I had no idea what to expect from The Split and was soon engrossed in the storyline which begins with Felicity Lloyd fleeing someone across the ice on the remote island of South Georgia before whizzing back to the weeks and months that lead up to this point.

The Split is a fast-paced, multi-faceted thriller with some great characters – all of whom seemed to have an interesting backstory! Joe and his mum were an unconventional pairing although I liked their dynamic.

Felicity herself I found hard to connect with. I enjoyed the counselling conversations although there are some bits and pieces that I now need to go and research!

Have to say I also found the parts about South Georgia and the ice/wildlife fascinating!

Blurb: She’s got nowhere else to hide…and now he’s searching for her.

Two years ago Felicity Lloyd desperately signed up for an extended research trip working on the remote island of South Georgia.

It was her only way to escape.

And now he’s coming for her.

Freddie Lloyd has just got out of prison for murder and is on his way to where Felicity is hiding.

And this time, he won’t stop until he finds her.

Because no matter how far you run, some secrets will always catch up with you…

Tense, gripping and with a twist you won’t see coming, Sharon Bolton is back in an explosive new thriller about a woman on the run…

Exit by Belinda Bauer

5 Stars from me

So good!

If Exiteers aren’t a thing then they totally should be.

I loved this book from start to finish, it is beautifully sharp and funny in all the right places.

I found the characters to be engaging and I simply couldn’t read the book fast enough – I raced through the pages needing to find out what happens to Felix.

Great story, great ending, highly recommended.

 

Blurb: The sensational new crime novel from the bestselling author of SNAP

IT WAS NEVER SUPPOSED TO BE MURDER . . .

Pensioner Felix Pink is about to find out that it’s never too late . . . for life to go horribly wrong.

When Felix lets himself in to Number 3 Black Lane, he’s there to perform an act of kindness and charity: to keep a dying man company as he takes his final breath . . .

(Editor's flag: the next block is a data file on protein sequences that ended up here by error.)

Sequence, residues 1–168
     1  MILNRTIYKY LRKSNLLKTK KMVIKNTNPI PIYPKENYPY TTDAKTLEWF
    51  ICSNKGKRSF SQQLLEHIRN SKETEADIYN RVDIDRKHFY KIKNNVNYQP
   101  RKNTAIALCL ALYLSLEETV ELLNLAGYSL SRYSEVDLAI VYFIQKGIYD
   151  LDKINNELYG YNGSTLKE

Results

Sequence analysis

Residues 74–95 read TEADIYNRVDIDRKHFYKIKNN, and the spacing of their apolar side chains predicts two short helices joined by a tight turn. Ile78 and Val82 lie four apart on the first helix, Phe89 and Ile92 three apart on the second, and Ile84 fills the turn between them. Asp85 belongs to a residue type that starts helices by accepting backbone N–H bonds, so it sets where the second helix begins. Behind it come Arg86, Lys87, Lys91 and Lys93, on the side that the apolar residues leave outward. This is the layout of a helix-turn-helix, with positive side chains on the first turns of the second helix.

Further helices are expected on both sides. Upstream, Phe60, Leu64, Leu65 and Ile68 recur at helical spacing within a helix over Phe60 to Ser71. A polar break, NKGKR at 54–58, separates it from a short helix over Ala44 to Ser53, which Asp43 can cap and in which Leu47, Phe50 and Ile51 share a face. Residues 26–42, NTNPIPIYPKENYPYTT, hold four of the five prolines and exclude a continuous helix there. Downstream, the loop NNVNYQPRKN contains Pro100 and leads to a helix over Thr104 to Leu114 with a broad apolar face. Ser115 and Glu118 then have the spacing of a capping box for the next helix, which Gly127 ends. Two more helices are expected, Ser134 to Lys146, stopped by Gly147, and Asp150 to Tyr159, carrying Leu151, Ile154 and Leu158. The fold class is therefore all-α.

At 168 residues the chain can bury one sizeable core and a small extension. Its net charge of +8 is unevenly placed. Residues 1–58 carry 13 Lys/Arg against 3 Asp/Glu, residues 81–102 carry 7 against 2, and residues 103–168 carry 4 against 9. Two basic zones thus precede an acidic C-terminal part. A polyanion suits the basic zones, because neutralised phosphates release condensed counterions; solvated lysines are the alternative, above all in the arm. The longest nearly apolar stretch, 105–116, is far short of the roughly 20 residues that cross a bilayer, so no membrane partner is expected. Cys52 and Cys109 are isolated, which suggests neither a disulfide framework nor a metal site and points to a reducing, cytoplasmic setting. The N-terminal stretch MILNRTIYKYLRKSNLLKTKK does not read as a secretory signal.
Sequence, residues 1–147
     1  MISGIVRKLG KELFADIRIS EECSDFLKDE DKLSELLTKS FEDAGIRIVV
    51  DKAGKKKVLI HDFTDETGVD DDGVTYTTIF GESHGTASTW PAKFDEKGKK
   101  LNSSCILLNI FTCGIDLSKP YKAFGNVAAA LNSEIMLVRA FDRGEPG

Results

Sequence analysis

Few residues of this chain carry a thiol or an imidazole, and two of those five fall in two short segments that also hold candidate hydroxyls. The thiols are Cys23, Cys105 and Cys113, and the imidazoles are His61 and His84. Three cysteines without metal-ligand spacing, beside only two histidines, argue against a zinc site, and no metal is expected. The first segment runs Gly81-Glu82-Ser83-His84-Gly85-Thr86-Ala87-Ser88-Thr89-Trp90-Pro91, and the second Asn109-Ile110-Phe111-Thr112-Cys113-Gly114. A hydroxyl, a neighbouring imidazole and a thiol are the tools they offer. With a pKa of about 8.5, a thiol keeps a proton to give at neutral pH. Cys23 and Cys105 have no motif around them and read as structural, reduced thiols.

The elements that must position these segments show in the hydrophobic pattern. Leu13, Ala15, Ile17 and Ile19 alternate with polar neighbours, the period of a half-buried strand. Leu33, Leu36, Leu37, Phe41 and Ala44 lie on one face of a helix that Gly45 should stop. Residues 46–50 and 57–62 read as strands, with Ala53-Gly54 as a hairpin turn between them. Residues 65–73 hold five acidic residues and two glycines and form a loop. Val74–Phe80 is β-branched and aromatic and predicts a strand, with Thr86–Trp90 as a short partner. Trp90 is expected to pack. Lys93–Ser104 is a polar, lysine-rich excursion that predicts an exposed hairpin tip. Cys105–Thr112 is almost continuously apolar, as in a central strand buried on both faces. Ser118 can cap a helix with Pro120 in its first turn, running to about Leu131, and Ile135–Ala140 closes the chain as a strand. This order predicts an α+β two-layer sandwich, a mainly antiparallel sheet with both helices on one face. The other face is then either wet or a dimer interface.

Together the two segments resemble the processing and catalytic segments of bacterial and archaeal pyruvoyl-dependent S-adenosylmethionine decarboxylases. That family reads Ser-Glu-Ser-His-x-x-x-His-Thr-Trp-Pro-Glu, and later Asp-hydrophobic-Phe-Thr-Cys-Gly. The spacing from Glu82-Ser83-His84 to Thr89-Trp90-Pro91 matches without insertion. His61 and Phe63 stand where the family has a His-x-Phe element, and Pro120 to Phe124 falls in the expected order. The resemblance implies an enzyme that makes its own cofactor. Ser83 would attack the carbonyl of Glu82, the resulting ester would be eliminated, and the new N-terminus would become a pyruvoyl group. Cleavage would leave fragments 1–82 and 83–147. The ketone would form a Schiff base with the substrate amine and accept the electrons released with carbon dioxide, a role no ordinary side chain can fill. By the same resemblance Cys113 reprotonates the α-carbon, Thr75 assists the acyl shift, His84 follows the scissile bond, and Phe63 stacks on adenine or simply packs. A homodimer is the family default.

But just fifteen minutes later Felix is on the run from the police – after making the biggest mistake of his life.

Now his routine world is turned upside down as he tries to discover what went wrong, while staying one step ahead of the law.

Exit is the heart-pounding, heart-breaking, and often hilarious new novel from Sunday Times bestselling author Belinda Bauer.

Our Little Cruelties by Liz Nugent

4 Stars from me

Another book full of characters that you’ll love to hate! I seem to have stumbled across a few of these lately.

The family at the heart of Our Little Cruelties is dysfunctional to the max – all seemingly stemming from the mother’s infatuation with herself.

There are some great descriptive elements of the years as the story moves from the past into the present day, including the typical impact that poverty could have upon a family – the Christmas day from the 1970s in particular.

More of a family drama than a psychological thriller, however the story will keep you turning the pages and wanting to discover more.

Blurb: Three brothers are at the funeral. One lies in the coffin.

Will, Brian and Luke grow up competing for their mother’s unequal love. As men, the competition continues – for status, money, fame, women …

They each betray each other, over and over, until one of them is dead.

But which brother killed him?

All That’s Dead by Stuart MacBride

5 Stars from me!

This is book 12 in the Logan ‘Laz’ McRae series so don’t be a numpty – go back and start with book 1, Cold Granite.

Once you’ve done that and read your way up through all of the books in the series, then, and only then, will you be worthy of appreciating book 12 – All That’s Dead.

This book – this work of genius – is stuffed full of cleverness and cuttingly witty observations.

In All That’s Dead we follow Inspector Logan McRae – who is presently fulfilling a role working for Professional Standards (a version of AC12, think ‘Line of Duty’) and is essentially only involved in the case because he is monitoring DI Frank King who is successfully hitting self destruct.

As well as a great storyline, we get treated to some exceptional throwaway comedic moments between Steel, McRae and Tufty and somehow among all the gore, horror and swearing there is a very tangible human side to all involved.

Pure brilliance – go buy it!

Synopsis: Darkness is coming…

Inspector Logan McRae was looking forward to a nice simple case – something to ease him back into work after a year off on the sick. But the powers-that-be have other ideas…

The high-profile anti-independence campaigner, Professor Wilson, has gone missing, leaving nothing but bloodstains behind. There’s a war brewing between the factions for and against Scottish Nationalism. Infighting in the police ranks. And it’s all playing out in the merciless glare of the media. Logan’s superiors want results, and they want them now.

Someone out there is trying to make a point, and they’re making it in blood. If Logan can’t stop them, it won’t just be his career that dies.